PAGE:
What you’ll need:

  • A bottle of castor oil, NOT cod liver oil. Castor oil can be bought in any drug store or health food store
  • A clean dye-free cloth
  • A heating pad (those bean bags you heat in the microwave are great)
  • A comfy place to sit or lay for 15-30 minutes

Sore throat?
Apply castor oil liberally to your neck, cover with a clean cloth. Apply a gentle heating pad and let it sit there for 30 minutes.

A little one with an ear ache?
Apply around ear and all down the neck of the affected side. Cover with a clean cloth and apply gentle heat for 15-30 minutes.

A tummy ache?
Apply castor oil to abdomen, cover with clean cloth and apply gentle heat for 30 minutes.

Castor oil can be applied to any area that is feeling congested and full of inflammation. Do twice a day for a couple of days – although sometimes once is all that’s required!

Diabetic-Friendly: Steel Cut Oats and Chocolate Pudding

Lia’s diabetes talk in Clarksburg / Thornbury last night was a big success – thanks to everyone who came out. For those of you looking for the recipes for the delicious goodies she brought along, here you go!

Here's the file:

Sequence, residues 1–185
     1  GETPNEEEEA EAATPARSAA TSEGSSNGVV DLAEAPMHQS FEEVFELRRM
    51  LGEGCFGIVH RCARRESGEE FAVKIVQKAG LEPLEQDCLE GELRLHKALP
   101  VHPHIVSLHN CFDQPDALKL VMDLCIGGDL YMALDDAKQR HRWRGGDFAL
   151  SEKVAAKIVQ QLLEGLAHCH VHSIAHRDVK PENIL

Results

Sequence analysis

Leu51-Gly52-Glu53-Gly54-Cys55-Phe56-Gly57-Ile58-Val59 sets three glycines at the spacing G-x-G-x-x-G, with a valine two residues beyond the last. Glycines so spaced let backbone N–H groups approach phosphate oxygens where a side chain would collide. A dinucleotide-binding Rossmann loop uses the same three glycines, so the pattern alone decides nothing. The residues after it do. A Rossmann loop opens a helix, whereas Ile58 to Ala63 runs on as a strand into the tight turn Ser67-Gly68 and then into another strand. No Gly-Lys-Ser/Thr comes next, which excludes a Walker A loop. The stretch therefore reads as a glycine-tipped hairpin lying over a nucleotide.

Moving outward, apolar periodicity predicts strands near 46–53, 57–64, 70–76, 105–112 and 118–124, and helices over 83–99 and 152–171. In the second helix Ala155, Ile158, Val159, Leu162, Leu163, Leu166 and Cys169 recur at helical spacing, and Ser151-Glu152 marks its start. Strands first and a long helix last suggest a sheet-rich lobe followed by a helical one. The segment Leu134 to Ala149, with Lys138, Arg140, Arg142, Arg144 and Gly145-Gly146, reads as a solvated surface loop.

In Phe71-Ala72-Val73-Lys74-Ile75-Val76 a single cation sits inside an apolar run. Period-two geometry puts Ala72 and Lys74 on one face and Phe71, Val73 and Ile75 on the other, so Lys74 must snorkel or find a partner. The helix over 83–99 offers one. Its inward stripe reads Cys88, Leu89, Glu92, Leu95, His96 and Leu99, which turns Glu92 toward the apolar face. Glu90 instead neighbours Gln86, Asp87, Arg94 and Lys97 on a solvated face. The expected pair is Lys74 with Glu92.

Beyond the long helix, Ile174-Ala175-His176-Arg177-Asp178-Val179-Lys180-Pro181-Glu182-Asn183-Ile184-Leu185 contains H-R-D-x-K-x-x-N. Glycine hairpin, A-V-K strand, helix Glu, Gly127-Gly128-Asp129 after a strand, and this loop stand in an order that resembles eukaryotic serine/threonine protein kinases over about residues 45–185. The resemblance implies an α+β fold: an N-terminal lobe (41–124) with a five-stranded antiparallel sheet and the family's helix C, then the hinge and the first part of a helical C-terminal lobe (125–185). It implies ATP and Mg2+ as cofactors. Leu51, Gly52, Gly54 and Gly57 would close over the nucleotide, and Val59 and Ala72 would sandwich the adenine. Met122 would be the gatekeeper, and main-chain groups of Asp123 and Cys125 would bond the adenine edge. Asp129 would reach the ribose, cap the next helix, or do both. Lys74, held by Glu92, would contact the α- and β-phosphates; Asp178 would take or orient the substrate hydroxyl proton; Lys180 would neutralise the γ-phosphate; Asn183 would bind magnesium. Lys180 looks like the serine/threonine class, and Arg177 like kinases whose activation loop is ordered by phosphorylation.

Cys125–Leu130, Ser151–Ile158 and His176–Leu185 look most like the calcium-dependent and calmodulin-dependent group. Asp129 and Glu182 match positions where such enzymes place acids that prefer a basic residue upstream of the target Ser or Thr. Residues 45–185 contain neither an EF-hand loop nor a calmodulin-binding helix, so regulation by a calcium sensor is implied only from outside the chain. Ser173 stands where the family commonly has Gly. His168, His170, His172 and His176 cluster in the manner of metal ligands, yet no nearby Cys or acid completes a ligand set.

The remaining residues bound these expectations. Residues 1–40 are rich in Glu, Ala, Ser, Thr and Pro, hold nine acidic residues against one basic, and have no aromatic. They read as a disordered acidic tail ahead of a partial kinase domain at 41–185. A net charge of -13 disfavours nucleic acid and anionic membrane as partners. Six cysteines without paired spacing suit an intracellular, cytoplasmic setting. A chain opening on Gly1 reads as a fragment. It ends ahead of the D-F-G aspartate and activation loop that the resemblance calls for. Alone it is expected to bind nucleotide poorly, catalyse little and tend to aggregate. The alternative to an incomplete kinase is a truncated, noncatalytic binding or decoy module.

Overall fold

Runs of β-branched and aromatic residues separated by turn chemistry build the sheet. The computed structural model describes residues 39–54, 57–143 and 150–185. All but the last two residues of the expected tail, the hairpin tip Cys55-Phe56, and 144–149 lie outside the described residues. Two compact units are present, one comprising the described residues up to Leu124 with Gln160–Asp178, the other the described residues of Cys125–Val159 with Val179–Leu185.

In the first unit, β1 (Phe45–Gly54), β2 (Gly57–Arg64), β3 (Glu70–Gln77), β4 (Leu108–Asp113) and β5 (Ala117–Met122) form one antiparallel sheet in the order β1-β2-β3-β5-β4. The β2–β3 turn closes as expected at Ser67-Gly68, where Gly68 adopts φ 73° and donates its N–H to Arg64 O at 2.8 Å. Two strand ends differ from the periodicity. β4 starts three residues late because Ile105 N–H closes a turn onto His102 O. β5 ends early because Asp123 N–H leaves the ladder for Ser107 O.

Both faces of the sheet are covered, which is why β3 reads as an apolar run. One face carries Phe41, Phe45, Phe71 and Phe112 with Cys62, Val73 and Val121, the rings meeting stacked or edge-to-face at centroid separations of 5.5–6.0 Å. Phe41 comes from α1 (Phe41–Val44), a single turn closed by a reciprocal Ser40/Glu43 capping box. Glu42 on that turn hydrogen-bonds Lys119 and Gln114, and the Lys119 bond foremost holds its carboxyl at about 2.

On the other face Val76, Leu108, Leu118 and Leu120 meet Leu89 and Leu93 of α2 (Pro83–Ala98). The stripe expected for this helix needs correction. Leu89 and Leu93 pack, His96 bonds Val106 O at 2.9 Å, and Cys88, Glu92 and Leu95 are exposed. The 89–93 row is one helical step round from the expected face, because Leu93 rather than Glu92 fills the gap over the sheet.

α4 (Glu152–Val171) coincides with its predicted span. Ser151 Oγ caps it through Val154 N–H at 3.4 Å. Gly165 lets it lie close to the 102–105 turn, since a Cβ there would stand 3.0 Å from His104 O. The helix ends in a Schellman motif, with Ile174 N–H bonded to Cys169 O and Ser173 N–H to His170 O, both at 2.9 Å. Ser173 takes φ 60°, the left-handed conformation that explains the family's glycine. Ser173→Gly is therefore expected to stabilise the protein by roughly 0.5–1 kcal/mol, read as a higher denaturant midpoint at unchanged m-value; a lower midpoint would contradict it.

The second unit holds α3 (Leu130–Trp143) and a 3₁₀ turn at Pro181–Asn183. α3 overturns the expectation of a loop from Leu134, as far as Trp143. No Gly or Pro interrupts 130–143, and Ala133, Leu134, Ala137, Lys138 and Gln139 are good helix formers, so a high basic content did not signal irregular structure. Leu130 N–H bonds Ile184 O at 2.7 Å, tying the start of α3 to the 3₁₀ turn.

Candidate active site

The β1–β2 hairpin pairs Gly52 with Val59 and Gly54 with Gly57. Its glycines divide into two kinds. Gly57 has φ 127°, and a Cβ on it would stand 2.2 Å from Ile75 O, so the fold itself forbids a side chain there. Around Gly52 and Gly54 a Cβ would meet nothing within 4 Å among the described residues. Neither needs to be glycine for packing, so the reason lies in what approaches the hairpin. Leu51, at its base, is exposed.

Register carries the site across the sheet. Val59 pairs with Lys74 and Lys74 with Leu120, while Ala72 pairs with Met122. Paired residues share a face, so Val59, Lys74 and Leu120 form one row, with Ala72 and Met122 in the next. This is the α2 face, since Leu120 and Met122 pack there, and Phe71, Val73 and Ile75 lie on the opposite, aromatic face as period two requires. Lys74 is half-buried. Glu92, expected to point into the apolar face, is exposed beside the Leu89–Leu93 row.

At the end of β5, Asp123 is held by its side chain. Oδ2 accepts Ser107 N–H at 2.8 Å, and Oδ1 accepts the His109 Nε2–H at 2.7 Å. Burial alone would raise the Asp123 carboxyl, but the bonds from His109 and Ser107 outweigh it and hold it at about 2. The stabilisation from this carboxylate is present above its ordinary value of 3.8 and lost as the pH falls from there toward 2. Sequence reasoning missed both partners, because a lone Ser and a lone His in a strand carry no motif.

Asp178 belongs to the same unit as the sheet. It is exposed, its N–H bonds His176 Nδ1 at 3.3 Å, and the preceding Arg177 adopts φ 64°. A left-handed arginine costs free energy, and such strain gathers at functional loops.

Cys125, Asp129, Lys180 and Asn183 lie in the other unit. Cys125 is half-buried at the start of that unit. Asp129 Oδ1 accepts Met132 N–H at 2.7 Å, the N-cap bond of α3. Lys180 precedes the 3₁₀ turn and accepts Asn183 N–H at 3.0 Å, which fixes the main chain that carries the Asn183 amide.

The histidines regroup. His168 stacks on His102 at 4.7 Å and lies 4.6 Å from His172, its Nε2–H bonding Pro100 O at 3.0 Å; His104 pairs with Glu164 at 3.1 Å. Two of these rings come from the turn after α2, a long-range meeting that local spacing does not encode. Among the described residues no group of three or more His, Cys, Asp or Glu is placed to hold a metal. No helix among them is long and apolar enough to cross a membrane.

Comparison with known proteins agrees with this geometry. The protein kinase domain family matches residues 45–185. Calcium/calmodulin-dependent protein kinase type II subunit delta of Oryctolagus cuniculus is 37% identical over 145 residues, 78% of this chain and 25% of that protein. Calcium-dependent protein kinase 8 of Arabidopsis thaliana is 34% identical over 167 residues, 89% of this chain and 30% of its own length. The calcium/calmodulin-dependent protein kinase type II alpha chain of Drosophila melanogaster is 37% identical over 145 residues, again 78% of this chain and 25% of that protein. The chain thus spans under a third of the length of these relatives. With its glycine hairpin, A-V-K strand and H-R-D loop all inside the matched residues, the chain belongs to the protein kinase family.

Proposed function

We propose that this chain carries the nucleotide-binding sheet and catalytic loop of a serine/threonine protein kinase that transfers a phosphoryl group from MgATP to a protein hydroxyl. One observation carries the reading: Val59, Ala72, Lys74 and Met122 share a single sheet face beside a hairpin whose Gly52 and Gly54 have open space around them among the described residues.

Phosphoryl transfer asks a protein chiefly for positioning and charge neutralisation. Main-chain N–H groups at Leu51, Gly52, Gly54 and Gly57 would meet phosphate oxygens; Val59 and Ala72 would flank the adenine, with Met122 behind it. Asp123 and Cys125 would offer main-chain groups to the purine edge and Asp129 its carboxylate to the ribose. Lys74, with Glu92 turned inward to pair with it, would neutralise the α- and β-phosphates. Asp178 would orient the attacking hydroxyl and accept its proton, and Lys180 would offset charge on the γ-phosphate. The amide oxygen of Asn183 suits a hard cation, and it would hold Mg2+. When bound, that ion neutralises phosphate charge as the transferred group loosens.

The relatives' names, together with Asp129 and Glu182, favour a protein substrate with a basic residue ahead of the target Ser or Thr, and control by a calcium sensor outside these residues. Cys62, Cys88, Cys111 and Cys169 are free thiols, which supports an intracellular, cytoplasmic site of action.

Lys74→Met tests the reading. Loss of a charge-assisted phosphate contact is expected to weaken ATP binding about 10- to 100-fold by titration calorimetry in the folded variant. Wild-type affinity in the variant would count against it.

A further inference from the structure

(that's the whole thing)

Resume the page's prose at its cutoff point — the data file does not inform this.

Steel Cut Oats6 servings (approx 40g complex carbohydrate / serving)

  • 300g Steel cut oats
  • 1L water
  • 1 tsp Cinnamon
  • 1/2 tsp pure organic vanilla
  • 2 bananas mushed
  • 1/4 cup shredded coconut (unsweetened)
  • 1/4 cup nuts (pecans, walnuts, almonds)
  • 1/4 cup Goji berries

Boil steel cut oats in water with cinnamon on medium temperature until cooked (20 min). Remove from burner and add the rest of the ingredients… Enjoy!

Chocolate Avocado Pudding4 servings (9g carbohydrate w maple syrup version)

  • 2 small-med sized ripe avocados
  • 1 banana
  • 1-2 TBSP maple syrup (depends on taste) or use a packet of Stevia to get rid of 20g of sugar calories